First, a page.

Semantic Clone Detection via Probabilistic Software Modeling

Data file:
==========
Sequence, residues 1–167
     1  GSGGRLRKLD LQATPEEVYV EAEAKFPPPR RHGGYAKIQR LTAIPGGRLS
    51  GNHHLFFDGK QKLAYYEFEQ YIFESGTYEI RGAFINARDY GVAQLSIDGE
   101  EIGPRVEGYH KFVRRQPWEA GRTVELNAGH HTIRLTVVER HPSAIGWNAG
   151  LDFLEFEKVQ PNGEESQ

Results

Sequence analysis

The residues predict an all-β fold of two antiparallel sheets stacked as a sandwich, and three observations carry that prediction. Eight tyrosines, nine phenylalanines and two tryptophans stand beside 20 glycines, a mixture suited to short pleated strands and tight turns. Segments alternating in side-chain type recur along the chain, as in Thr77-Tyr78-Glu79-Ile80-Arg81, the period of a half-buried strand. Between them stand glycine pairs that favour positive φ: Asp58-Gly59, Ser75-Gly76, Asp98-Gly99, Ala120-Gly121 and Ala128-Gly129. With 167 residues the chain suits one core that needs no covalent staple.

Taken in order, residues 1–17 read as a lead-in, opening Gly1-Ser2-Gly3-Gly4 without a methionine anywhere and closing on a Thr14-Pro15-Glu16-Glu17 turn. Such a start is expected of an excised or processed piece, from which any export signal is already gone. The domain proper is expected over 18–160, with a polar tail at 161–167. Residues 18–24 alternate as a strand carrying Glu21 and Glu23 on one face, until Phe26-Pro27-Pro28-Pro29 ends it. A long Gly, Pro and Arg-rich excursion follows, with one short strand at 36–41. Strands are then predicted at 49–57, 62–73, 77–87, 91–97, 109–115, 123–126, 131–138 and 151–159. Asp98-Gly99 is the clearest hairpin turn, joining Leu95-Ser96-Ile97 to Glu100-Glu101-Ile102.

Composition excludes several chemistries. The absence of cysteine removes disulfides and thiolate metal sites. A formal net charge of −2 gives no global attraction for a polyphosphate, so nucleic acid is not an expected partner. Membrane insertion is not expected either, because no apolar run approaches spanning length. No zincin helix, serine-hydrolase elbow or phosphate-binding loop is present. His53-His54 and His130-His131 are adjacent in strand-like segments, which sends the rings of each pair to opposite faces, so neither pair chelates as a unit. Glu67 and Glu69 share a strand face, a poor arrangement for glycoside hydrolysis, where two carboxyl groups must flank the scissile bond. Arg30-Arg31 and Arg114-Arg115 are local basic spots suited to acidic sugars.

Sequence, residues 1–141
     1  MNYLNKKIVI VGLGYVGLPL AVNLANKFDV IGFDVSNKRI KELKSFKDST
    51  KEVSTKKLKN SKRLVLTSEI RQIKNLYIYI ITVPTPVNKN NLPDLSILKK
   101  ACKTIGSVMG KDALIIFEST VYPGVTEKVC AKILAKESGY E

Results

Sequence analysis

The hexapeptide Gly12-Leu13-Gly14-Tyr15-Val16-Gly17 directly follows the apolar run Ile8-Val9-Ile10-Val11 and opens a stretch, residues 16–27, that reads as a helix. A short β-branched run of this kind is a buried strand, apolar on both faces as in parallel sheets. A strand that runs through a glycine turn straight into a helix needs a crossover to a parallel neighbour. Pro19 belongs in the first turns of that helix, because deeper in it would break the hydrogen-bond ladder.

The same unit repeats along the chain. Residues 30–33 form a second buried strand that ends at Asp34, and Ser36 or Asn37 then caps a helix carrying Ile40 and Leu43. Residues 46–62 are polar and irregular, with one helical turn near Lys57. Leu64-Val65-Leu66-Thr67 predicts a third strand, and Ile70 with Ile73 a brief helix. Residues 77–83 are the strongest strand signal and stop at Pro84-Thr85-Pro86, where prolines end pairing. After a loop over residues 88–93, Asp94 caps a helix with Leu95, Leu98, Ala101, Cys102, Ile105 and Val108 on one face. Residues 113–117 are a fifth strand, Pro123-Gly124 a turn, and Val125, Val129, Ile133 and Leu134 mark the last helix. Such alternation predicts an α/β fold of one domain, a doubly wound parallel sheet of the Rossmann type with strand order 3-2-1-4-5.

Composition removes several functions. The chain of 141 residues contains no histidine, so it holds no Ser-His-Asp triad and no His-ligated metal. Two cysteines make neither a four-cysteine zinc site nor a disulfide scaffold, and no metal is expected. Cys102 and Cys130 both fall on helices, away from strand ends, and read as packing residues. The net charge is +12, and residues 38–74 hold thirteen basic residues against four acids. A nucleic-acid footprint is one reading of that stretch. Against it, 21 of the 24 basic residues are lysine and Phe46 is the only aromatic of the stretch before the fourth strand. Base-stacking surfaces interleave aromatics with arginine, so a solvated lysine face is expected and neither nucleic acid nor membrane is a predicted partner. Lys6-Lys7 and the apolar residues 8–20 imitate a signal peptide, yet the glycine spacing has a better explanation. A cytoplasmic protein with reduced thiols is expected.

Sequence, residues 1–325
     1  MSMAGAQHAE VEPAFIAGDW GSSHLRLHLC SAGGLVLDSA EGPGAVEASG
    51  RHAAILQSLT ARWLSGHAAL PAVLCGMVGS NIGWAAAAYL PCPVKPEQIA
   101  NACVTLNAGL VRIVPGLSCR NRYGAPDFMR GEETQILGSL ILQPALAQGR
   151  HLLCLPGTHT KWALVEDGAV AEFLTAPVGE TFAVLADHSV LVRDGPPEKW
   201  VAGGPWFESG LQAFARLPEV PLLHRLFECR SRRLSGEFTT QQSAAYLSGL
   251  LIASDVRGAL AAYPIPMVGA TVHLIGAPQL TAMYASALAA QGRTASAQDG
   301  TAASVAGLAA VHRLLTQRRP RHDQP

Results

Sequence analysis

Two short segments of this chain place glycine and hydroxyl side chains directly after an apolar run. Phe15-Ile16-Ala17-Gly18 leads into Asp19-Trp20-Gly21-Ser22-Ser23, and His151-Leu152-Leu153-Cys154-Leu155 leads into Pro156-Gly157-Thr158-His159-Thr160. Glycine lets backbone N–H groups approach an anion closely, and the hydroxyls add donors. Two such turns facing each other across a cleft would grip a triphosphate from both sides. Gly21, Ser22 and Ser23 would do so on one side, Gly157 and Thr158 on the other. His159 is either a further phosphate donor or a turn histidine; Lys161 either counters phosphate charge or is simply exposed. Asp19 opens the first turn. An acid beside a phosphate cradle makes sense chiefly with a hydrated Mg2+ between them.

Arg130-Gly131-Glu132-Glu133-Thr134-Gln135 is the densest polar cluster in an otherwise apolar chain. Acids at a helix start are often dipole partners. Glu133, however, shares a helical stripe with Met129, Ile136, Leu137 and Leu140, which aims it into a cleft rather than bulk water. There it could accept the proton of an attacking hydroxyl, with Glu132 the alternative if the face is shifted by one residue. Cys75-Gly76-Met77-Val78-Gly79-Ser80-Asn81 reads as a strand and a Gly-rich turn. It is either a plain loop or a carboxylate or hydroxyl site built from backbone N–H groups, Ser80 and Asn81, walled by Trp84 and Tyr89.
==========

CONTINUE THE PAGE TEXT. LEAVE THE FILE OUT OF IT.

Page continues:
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Semantic clone detection is the process of finding program elements with similar or equal runtime behavior. For example, detecting the semantic equality between the recursive and iterative implementation of the factorial computation. Semantic clone detection is the de facto technical boundary of clone detectors. This boundary was tested over the last years with interesting new approaches. This work contributes a semantic clone detection approach that detects clones with 0% syntactic similarity. We present Semantic Clone Detection via Probabilistic Software Modeling (SCD-PSM) as a stable and precise solution to semantic clone detection. PSM builds a probabilistic model of a program that is capable of evaluating and generating runtime data. SCD-PSM leverages this model and its model elements to finding behaviorally equal model elements. This behavioral equality is then generalized to semantic equality of the original program elements. It uses the likelihood between model elements as a distance metric. Then, it employs the likelihood ratio significance test to decide whether this distance is significant, given a pre-specified and controllable false-positive rate. The output of SCD-PSM are pairs of program elements (i.e., methods), their distance, and a decision whether they are clones or not. SCD-PSM yields excellent results with a Matthews Correlation Coefficient greater 0.9. These results are obtained on classical semantic clone detection problems such as detecting recursive and iterative versions of an algorithm, but also on complex problems used in coding competitions.